The Nevada Resort Association filed the complaint against the initiative, accusing the wording of being "misleading, false, and fails to inform voters of all its material consequences."[12]

In early April, a district judge gave the teachers union approval to circulate the petition. Warne said she expected the NRA to file an appeal at the Nevada Supreme Court within the 30-day window provided. To make the ballot, 58,628 valid signatures must have been submitted by May 20, 2008, to get on the ballot. Voters would have had to approve the measure in the 2008 and 2010 general elections in order for it to become law.[2]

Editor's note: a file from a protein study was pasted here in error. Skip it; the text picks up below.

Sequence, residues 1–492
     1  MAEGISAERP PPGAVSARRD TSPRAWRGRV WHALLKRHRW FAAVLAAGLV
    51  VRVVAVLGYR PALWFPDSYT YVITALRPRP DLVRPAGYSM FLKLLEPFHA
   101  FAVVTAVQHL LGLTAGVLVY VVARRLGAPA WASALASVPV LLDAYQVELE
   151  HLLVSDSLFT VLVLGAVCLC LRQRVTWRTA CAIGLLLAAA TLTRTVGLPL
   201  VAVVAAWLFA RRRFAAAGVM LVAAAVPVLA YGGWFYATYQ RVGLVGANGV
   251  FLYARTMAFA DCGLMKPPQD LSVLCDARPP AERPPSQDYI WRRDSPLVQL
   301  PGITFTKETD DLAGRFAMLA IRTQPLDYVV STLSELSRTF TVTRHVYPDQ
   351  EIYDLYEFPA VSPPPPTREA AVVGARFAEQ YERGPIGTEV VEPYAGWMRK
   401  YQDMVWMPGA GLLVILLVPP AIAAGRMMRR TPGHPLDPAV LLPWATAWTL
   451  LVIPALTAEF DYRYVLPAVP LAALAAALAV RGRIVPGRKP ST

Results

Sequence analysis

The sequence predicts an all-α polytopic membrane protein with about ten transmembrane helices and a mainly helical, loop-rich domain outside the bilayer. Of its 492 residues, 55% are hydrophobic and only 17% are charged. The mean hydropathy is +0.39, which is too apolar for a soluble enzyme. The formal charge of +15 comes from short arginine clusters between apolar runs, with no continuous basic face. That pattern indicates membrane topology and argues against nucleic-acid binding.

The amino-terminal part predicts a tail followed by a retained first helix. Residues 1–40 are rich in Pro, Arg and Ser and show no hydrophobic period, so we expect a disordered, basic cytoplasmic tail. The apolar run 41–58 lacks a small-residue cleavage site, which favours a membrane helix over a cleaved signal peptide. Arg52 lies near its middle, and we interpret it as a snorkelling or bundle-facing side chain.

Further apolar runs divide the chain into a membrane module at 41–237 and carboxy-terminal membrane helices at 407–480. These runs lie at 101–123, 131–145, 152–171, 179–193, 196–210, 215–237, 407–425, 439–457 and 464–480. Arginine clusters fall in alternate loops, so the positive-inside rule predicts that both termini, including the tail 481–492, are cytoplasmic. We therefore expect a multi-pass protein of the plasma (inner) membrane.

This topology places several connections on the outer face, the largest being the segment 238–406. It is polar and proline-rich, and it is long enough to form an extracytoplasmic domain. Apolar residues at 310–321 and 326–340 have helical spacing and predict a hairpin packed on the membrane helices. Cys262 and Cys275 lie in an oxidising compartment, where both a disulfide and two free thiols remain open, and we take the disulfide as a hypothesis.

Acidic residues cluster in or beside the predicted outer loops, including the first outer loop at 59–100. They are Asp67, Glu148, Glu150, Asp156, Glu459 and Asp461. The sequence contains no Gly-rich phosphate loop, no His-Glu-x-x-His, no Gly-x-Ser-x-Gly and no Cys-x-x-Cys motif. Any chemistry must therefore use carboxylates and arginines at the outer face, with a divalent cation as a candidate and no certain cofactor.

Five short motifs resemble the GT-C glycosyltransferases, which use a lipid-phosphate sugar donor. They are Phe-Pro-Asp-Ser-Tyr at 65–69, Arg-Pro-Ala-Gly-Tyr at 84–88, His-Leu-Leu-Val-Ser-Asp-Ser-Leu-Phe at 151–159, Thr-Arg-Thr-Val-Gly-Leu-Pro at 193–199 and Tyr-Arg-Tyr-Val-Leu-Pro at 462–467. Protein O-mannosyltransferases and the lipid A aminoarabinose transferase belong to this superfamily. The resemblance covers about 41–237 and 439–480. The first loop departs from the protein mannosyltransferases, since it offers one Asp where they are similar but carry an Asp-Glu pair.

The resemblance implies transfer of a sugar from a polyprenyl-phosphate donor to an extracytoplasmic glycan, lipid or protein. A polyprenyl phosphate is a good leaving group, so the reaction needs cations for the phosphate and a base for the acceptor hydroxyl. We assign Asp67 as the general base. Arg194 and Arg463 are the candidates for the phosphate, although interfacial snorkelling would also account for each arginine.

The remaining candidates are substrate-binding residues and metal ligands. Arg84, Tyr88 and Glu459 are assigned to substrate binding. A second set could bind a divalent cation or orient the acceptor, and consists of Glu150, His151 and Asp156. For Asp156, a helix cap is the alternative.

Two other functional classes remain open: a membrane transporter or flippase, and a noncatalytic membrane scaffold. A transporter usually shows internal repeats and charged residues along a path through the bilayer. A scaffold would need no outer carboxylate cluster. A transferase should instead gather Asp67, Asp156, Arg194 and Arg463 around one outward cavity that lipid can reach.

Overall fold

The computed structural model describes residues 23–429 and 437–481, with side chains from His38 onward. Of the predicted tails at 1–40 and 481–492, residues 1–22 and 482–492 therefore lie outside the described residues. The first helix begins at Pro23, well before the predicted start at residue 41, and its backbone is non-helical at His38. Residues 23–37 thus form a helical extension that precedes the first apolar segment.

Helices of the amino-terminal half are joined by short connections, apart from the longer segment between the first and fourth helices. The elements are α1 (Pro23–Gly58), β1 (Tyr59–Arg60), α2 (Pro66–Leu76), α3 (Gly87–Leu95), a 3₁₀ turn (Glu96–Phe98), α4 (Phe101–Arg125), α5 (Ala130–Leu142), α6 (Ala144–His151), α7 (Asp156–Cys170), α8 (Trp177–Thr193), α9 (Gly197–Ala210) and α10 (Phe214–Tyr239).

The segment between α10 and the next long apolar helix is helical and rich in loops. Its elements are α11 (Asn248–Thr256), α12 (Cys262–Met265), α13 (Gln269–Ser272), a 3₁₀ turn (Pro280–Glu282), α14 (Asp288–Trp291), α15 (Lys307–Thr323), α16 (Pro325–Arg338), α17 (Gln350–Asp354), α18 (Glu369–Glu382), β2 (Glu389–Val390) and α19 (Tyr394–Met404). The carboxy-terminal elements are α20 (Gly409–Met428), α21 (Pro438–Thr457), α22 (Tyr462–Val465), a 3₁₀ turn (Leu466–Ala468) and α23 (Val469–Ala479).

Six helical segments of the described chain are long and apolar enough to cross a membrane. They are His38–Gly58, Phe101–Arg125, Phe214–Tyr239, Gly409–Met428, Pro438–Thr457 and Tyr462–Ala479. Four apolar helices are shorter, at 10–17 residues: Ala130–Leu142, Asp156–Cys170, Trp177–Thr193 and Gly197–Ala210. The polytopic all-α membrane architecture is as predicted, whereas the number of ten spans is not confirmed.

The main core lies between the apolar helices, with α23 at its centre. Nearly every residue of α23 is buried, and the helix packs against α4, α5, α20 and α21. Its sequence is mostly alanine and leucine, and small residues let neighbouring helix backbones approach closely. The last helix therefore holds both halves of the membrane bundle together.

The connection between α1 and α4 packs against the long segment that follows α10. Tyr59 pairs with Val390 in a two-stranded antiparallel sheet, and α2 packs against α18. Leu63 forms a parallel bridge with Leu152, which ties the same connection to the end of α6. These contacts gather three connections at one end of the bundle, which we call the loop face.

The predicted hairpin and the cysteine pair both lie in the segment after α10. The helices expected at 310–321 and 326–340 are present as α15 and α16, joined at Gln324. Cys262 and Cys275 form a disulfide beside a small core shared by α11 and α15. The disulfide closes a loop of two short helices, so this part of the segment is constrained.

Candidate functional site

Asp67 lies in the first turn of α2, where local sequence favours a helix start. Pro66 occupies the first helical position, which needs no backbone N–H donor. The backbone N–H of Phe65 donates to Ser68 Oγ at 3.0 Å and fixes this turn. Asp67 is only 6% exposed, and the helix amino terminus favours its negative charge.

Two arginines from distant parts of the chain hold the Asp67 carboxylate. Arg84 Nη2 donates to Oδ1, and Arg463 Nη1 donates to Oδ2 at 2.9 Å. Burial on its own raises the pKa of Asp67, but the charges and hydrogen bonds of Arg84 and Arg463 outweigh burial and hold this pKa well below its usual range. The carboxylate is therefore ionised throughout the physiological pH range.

As expected, an appeal was filed by the Nevada Resort Association and Las Vegas Sands Corp. on April 11, 2008, asking the Nevada Supreme Court for a speedy handling of its appeal over Senior Judge Miriam Shearing's April 3 ruling that the petition was legal. Plaintiffs asked for a ruling before May 20, the deadline for the Nevada State Education Association to submit signatures.[13]

However, the court set a hearing date of July 1, 2008.

The appeal argued that the petition contained more than one subject because it would raise taxes, earmark revenues for teacher salaries and "student achievement," and mandate the entire education budget be voided if legislators considered using the money for other purposes.[13]

After initiative supporters agreed to withdraw the measure, the lawsuit was dismissed.[14]

See also


External links

References